Bobby Kendall

Bobby Kendall is a country musician who hangs up the guitar as soon as fall rolls around. He spends half the year based in Lake George, New York, traveling for gigs, and the other half split between Kansas, Ohio, Illinois and Iowa where he maximizes every available whitetail season.

“If I hear they’re killing big deer anywhere in the Midwest, I’ll start knocking on doors, putting ads in the paper... whatever I have to do. I don’t wait for the big bucks to come to me. I’ll go to them,” Kendall says.

We asked him how many days he spends in the stand each year. He paused for a moment and said in his grinning semi-drawl, “Dude, it’d be a lot. I typically start with early muzzleloader season in Kansas, then into the pre-rut and rut in Ohio and Illinois. And then I roll into Iowa’s late season. I’ve never tried to count the actual number of days.”

When he was 19, he dropped out of pharmacy school to chase dual dreams of music and hunting. For years, he guided whitetail all fall and played more than 100 local gigs during the three-and-a-half months of summer.

The dreams have grown, and often bleed into one another. While music provides Bobby’s livelihood, we get the sense that hunting has a tighter hold on him.

“I wrote the song ‘Sweetheart’ in the treestand in the middle of the rut. I started feeling the lyrics and pulled my iPhone out and started writing. I already had it memorized by the end of the day. ‘Close to You’ is taken from my decision to leave home and try to make it as a hunting guide. ”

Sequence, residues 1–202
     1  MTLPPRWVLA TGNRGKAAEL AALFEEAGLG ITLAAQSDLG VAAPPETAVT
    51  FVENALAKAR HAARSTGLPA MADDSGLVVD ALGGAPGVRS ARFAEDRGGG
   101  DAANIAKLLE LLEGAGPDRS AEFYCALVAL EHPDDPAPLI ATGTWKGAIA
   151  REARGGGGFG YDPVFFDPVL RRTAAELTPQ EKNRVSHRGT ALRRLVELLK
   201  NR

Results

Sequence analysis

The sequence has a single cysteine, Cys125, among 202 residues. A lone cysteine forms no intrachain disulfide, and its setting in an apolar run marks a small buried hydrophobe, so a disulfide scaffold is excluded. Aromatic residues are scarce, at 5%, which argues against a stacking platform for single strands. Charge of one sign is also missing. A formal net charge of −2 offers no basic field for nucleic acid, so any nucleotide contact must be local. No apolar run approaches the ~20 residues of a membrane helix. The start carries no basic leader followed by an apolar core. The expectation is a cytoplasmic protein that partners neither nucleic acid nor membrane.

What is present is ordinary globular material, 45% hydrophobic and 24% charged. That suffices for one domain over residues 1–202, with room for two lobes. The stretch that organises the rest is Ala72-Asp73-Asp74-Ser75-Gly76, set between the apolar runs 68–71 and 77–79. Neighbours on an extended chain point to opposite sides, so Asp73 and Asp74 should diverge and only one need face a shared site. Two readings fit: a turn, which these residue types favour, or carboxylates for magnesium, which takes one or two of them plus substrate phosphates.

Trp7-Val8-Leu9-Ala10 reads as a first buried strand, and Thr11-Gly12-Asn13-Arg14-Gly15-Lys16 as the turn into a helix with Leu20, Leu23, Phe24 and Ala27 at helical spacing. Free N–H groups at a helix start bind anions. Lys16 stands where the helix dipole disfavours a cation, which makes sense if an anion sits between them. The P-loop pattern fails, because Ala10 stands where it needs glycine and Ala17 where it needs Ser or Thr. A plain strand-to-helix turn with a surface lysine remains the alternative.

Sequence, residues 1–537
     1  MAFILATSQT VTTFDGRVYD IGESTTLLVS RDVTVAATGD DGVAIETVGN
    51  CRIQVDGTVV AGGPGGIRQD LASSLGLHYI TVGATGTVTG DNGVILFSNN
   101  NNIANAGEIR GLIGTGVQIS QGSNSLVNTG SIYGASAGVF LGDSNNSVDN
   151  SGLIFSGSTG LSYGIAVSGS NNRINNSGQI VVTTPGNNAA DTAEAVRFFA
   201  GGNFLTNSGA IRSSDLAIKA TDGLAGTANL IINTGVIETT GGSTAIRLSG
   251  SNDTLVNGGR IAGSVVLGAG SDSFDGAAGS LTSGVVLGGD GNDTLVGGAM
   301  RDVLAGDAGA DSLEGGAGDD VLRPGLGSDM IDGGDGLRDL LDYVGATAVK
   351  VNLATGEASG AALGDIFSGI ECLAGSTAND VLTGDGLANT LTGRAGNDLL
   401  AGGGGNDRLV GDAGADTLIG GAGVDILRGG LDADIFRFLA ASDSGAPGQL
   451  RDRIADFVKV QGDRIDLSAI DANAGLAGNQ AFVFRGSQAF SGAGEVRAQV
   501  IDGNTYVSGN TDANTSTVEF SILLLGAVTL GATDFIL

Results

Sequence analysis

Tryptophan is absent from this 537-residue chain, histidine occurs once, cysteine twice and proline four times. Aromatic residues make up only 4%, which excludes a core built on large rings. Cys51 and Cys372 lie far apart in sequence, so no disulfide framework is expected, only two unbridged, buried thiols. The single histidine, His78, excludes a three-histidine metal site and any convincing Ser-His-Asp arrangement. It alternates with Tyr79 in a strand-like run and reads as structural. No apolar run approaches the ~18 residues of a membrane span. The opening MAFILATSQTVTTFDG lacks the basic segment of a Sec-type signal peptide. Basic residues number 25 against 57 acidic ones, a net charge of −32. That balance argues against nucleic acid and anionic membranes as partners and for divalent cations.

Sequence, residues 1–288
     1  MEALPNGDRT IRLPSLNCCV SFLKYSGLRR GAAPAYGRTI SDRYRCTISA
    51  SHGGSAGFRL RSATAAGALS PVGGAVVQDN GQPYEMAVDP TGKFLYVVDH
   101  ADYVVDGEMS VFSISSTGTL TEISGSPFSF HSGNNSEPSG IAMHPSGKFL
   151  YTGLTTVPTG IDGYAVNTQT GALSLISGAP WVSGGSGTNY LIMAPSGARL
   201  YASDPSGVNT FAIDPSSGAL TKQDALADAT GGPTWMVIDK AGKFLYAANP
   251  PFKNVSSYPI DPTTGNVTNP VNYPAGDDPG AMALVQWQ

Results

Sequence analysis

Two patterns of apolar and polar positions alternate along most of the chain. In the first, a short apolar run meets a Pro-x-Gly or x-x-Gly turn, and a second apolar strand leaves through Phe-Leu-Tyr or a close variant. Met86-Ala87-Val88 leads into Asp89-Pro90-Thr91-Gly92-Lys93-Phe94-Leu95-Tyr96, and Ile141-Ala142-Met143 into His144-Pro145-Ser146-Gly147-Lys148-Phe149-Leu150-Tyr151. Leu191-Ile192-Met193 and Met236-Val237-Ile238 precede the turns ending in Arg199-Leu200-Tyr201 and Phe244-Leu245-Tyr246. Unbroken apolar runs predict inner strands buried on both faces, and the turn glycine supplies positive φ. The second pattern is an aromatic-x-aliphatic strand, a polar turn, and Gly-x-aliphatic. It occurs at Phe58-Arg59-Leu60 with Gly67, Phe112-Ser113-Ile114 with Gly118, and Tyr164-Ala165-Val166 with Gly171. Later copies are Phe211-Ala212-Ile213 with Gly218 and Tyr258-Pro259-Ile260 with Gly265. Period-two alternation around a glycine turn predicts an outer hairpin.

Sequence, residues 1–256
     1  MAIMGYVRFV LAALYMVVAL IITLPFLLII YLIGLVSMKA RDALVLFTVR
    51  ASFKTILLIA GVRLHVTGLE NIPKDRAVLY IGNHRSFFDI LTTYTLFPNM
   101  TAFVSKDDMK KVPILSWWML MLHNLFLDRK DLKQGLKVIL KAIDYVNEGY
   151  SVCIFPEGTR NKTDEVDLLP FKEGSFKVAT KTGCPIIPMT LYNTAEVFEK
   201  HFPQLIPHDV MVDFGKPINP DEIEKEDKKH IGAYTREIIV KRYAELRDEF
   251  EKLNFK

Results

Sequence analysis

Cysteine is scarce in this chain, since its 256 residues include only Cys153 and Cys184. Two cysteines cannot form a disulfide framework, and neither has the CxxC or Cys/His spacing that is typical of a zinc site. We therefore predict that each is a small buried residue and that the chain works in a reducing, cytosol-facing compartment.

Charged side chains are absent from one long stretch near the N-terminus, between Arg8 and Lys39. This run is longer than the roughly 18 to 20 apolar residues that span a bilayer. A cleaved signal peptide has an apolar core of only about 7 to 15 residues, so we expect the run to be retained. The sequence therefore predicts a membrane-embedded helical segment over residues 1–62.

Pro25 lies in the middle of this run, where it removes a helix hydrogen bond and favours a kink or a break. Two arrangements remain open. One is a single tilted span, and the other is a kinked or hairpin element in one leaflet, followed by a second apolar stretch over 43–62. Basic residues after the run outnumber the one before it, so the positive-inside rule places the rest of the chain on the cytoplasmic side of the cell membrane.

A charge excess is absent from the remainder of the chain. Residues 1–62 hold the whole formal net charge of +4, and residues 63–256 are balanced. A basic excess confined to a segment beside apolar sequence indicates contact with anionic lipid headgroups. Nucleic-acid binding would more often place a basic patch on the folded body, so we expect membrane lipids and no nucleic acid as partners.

Accomplished as he is as a hunter, he’s something of an anomaly: he keeps very few secrets. When Bobby discovers a giant somewhere, he’s quick to share the knowledge and trailcam photos with the neighbors. But he has his reasons.

“I like to share that experience and let people know that this is what happens when we pass up four-year-old bucks that have great genetics and a solid score. My hope is that practicing and preaching this type of conservation will go a long way to protect and enhance the quality of the deer herd we share.”

Bobby finds most of his big bucks by their sheds, then patterns them throughout the summer. Closer to hunting season, he lowers his impact, keeping setups scent-free and never using flashlights. 

“I’ll always walk two miles instead of 100 yards if it will avoid alerting a big buck to my presence.” 

With the effort and time he invests setting up properties, shed hunting, scouting, sleeping on the road, living in treestands and singing about it, the last thing Kendall will compromise on is gear. His first experience with Sitka came at the hands of fellow Athlete Bobby Warner.

“I was in the stand with a buddy. He’d tagged out and we were getting pounded by a nasty, cold-chilled rain. We were wearing the Downpour Series and staying bone dry, so we continued to sit through weather that would usually have us indoors. When the storm broke, the deer really started moving and we ended up having a great encounter with a mid 150s deer. I was sold.”

We’re proud to call Bobby Kendall a Sitka Athlete, and we hope you get to meet him someday. 

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